You can also attach a thread to the top rotor assembly. An egg is multi-functional: yes it's food, but it is also a valuable engineering lesson. One solution is to add some weight at the tip to make sure it is the part touching the ground first. To make it a harder challenge, you can limit the number of straws and pieces of paper that are allowed in the design. Take a handful of the straws, spread them apart at the top, and let the egg sit in between them all, keep them together by attaching the rubberband around the straws and egg under the egg. When the egg hit the ground the ground will exert of force over a period of time that will cause the egg to accelerate or decelerate if you like thus changing its momentum to some mvo to some mvf.
Make a box out of paper. If you can make string that's thin enough, you can use a large-sized needle to. Once they were finished they headed back inside to discuss the results. Though, these days, using all the available internet resources is a real way of finding solutions. Many successful egg drop designs use sturdy containers to protect the contents from the initial shock of the drop.
You can of course alter the length of these blades. If not, the egg might move around inside. The point was to get the kid to think and try to come up with something on his own I know thinking is hard for a lot of people. For example, teachers can set limits on materials students can use. Make the whole large enough to fit one of the skewers through. Insert the egg into panty hose or attach an egg-protecting container to a bungee cord to prevent the egg from hitting the ground.
The basic idea is to surround the egg with enough of a cushion using these foods to reduce the force of the impact the egg faces once it lands. I think the point of the exercise is to come up with a way to drop an egg without breaking it. Two problems - we have only 100 sticks, and the test jig is less than 40cm high. Tie the egg in place using rubber bands. The students brought in supplies from home and built their own containers in class.
You may have more control of rigidity and landing if you fold the … paper like an accordion bellows and layer them criss-cross. And the kids always get super excited to do this project so get ready for lots of screams of delight! Also, make sure the cylinder is stuck down good, and in the middle of … the box. We tried twice, and both times it failed. If it's not fitting make sure the bulk of the excess plastic bag is under the egg when you place it in and the egg is sitting vertically in the tube eggs are much stronger in this orientation. I did look at other posts in this subreddit concerning egg drop experiments and it seemed like all of them were able to use some sort of adhesive. You can also wrap the egg in packing material, like bubble wrap, packing peanuts, or inflated plastic packets.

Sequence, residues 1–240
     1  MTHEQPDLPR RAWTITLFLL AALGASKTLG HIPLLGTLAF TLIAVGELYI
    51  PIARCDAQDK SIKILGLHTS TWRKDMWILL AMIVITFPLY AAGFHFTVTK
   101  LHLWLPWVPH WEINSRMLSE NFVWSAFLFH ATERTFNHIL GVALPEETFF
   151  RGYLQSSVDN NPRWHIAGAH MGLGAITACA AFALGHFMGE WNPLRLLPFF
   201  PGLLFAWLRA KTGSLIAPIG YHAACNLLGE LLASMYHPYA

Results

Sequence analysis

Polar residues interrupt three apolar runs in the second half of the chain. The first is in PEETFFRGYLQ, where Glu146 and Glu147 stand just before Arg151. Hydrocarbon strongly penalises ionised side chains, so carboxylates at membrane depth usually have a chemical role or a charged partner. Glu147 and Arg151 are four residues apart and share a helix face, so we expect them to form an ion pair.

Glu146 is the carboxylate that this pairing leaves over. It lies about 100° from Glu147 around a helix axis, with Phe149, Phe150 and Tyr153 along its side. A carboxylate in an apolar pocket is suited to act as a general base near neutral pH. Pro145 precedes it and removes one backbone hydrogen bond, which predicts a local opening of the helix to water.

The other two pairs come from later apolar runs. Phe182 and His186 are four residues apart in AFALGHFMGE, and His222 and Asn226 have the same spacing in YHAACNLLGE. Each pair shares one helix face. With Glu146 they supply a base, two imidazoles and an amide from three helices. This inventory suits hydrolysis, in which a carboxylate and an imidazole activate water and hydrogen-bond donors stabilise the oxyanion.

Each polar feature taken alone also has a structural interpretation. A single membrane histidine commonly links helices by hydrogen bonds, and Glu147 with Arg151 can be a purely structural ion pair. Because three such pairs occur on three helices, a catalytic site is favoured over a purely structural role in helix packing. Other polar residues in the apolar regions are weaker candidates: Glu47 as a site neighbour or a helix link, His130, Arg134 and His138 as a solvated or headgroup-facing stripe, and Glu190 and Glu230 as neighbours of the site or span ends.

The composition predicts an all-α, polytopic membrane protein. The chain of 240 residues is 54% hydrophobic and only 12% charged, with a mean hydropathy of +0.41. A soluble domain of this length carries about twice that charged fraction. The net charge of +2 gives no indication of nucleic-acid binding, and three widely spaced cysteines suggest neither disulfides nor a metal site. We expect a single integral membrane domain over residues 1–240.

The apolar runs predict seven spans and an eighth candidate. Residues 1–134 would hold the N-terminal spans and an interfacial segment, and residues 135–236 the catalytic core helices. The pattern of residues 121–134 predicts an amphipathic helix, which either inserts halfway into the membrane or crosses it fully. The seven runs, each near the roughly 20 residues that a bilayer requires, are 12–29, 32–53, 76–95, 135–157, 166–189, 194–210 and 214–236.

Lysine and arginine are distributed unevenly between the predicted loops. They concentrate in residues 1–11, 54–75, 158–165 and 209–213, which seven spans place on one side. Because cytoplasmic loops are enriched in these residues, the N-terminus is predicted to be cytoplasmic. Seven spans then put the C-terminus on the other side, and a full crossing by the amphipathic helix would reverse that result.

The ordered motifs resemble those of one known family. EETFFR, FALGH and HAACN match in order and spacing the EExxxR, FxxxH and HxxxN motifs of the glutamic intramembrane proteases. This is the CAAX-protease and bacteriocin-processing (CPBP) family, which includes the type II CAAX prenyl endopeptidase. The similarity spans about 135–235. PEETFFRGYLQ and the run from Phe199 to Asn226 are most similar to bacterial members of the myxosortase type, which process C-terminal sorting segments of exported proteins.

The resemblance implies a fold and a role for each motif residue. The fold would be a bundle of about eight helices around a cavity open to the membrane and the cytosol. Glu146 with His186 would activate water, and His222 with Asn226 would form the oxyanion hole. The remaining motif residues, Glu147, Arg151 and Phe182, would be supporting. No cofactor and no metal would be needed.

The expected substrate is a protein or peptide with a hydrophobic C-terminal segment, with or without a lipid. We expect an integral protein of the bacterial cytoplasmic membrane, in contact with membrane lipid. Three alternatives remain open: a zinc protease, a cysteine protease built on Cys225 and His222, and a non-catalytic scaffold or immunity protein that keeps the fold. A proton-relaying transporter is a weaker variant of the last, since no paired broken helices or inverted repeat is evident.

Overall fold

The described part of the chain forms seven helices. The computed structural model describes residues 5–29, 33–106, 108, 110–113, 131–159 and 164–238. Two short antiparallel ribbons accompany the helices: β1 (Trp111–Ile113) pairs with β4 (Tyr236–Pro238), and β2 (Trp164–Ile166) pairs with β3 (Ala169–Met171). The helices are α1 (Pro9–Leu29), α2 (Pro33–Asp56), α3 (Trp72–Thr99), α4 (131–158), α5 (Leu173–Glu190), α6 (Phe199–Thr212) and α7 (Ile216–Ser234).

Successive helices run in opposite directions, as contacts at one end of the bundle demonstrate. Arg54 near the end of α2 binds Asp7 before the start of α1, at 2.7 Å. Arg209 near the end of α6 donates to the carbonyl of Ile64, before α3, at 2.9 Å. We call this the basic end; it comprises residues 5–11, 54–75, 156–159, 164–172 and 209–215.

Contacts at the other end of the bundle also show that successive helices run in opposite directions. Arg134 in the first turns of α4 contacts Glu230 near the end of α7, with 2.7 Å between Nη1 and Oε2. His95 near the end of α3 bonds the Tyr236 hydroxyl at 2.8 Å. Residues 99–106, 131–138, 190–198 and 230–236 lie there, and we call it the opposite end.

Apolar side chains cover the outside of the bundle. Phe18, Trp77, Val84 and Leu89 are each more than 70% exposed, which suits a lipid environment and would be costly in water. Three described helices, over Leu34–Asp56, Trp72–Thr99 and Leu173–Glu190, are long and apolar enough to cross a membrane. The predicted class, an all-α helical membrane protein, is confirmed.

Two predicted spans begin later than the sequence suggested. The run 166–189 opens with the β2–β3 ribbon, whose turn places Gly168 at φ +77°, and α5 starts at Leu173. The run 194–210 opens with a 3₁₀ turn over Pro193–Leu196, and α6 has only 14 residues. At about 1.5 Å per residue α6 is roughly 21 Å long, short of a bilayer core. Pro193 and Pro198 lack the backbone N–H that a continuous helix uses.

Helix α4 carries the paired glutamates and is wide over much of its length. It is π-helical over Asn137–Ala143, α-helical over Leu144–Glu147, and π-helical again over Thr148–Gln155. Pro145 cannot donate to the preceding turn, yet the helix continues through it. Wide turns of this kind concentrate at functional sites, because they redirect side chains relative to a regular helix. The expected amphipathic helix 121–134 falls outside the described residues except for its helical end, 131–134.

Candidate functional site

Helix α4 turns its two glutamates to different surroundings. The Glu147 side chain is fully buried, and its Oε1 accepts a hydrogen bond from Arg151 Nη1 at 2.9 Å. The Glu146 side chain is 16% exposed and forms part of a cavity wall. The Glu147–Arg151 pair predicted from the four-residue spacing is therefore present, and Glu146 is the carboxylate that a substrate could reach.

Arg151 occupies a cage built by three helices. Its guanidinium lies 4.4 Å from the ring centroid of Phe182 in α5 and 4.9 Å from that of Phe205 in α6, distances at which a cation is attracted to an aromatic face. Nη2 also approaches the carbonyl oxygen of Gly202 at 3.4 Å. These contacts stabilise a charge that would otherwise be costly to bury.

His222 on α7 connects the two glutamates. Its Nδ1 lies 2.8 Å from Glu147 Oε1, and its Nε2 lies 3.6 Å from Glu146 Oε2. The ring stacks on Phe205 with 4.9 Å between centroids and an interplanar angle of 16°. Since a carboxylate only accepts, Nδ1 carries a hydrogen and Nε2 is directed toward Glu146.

It could be a cardboard or plastic box, or you could even construct a box frame out of metal clothes hangers. This is very helpful if you're not the one dropping it. It is such a classic physics science fair project. This assembly will protect the egg. Forces in Simple Triangle: 200kg weight on apex.
Low mess and great learning with a simple egg drop activity all ages can enjoy together. Make sure that the handles are near the sides of the box so that enough air can get inside the bag as the box drops. It's almost time to test it. I think the point of the exercise is to come up with a way to drop an egg without breaking it. It should be a pretty snug fit.
If you know a formula to calculate the area of parachute needed for however much weight is placed in the basket, this would be greatly appreciated. Adding tennis balls on the side of the frame is one way to do this. You may have to experiment with varying degrees of paper compression. Of course, there is a worksheet for kids to record their designs and changes through out the process. You can go back later and reinforce these small drops with more glue after everything dries. Through the project, students learn engineering design process, physics, material science, and if it is a team project, team work.
When you drop the egg, make sure that it lands on the cushion. We also added some scrambled paper on top of the egg as a cushion to mediate the potential force between the egg and the straws. We tried twice, and twice the eggs cracked. Fill a large, wide box with a thick layer of heavy-duty bubble wrap or similar packing materials. We tried the new design.